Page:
How do I protect Forms Authentication?

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J.D. Meier, Prashant Bansode, Alex Mackman


To protect forms authentication you need to encrypt and integrity check the authentication ticket, use SSL to protect user credentials and authentication tickets over the wire, do not persist authentication cookies on the client, enforce strong passwords, use non-reversible password hashes with salt and protect your user store.

Protecting authentication tickets helps to avoid spoofing and impersonation, session hijacking, and elevation of privilege.

Strong passwords help to defend against brute force attacks, and passwords stored as hashes with salt further slow down dictionary attacks, giving time for your detection measures to detect an attack.

To protect forms authentication

  • Ensure that your forms authentication tickets are encrypted and integrity checked by setting protection="All" on the forms element.
  • Use Secure Sockets Layer (SSL) to protect the forms authentication credentials and the forms authentication cookie passed from browser to server by setting requireSSL="true".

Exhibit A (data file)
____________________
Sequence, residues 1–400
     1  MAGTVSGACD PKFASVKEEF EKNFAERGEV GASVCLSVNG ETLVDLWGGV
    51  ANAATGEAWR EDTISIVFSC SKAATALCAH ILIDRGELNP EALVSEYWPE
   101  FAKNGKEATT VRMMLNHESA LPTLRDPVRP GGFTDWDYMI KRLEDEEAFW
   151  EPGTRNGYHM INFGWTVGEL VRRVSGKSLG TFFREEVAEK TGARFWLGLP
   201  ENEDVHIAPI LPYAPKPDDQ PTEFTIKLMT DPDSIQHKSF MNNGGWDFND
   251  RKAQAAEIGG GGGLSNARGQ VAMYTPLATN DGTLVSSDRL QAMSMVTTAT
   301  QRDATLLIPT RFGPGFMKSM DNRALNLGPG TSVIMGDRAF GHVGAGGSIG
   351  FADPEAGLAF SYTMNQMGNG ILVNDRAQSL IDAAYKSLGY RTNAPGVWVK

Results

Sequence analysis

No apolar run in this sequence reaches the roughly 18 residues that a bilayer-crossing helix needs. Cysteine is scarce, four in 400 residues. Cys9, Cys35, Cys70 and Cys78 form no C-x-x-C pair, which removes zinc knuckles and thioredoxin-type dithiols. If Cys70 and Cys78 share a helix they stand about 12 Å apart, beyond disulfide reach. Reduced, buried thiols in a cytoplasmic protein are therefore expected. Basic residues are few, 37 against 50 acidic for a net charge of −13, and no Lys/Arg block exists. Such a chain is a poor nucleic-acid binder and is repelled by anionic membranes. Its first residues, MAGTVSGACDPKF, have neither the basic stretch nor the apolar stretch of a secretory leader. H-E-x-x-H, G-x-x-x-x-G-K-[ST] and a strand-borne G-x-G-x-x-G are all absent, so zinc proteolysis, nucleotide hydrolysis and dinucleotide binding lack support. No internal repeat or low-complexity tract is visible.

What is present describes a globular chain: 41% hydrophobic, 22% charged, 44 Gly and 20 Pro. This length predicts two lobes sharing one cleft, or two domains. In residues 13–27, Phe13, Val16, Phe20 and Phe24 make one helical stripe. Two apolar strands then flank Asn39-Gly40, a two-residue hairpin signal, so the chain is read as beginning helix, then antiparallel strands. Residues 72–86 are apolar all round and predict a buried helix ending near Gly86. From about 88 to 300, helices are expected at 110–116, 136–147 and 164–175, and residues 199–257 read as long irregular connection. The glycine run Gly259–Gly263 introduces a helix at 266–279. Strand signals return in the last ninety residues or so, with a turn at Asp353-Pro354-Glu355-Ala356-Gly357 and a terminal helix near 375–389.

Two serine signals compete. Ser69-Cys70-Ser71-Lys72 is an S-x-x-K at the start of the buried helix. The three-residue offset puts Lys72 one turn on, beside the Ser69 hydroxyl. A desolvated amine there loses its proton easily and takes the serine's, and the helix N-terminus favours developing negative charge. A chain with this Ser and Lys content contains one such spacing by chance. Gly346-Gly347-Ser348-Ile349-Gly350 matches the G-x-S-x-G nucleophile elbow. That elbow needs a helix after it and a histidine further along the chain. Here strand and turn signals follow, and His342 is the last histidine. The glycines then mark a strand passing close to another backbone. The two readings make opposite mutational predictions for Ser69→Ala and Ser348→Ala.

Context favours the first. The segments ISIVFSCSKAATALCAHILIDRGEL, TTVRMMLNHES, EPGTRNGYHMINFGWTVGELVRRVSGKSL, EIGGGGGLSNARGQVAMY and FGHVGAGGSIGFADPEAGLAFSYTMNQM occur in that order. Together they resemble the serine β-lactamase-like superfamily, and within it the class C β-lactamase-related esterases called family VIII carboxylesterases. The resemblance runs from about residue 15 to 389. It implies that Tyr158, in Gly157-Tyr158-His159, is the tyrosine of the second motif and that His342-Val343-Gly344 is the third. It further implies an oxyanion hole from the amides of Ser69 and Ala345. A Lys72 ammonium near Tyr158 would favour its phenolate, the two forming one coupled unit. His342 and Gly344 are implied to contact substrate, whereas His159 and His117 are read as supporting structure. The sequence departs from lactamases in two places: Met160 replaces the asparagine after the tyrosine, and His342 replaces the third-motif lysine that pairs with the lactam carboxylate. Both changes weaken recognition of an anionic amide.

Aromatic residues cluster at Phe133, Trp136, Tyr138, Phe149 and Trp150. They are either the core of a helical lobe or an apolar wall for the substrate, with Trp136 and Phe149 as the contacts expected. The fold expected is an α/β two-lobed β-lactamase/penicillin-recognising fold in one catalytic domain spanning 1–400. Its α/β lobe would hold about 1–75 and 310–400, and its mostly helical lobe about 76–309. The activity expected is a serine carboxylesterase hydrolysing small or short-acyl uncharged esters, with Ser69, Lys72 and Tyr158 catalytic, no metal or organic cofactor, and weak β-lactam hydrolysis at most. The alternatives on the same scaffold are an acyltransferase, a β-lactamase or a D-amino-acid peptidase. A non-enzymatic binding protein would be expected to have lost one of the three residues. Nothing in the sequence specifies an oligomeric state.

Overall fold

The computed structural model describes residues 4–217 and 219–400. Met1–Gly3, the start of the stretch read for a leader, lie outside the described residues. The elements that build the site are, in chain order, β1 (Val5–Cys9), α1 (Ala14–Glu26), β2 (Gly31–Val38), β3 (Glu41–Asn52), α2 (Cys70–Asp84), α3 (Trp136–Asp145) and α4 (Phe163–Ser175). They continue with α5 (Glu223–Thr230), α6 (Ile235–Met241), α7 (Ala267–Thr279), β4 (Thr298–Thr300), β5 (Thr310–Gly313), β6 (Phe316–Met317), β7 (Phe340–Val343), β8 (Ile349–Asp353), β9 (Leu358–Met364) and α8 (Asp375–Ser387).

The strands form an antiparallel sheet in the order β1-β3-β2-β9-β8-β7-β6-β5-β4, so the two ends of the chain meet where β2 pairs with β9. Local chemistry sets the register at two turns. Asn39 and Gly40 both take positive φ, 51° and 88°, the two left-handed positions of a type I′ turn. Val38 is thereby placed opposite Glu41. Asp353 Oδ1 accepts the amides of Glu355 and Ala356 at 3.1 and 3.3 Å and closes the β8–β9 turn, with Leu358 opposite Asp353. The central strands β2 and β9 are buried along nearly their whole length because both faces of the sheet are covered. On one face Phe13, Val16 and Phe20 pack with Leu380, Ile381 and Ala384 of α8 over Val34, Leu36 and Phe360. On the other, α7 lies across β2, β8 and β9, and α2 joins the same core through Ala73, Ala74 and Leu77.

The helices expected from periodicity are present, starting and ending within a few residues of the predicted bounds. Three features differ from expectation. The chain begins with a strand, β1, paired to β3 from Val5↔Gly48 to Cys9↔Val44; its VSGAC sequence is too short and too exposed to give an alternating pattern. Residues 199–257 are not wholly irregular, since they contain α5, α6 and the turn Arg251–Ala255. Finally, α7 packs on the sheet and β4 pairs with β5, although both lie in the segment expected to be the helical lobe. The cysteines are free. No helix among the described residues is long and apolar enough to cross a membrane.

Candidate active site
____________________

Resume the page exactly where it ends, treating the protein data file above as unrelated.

• If you cannot use SSL, consider reducing the cookie lifetime by reducing the timeout value to minimize the time window within which an attacker can use a captured authentication cookie to access your site.
  • If you are in a scenario where you are concerned about cookie hijacking, consider reducing the timeout and setting slidingExpiration="false".
  • Use unique name and path attribute values on the <forms> element.
  • Here is sample of secure forms authentication configuration
  <forms loginUrl="Restricted\login.aspx"  
     slidingExpiration="true" >        
  • Do not persist authentication cookie on the client computer, and do not use it for personalization purposes.
  • Enforce strong passwords and store them as non-reversible password hashes with added salt.
  • When using SQL Server database as user store, protect your authentication login form against SQL injection attacks by validating and constraining input credentials, and by using parameterized stored procedures while accessing the user store.
  • Protect the connection string that points to your user store for example by encrypting the connectionStrings section in your Web.config file.
  • Protect access to the user store by granting appropriate access to only the accounts that require it. As an added measure, locate your user store on a physically separate server from your Web server.

More Information

For more information on securing forms authentication, see “How To: Protect Forms Authentication in ASP.NET 2.0” at

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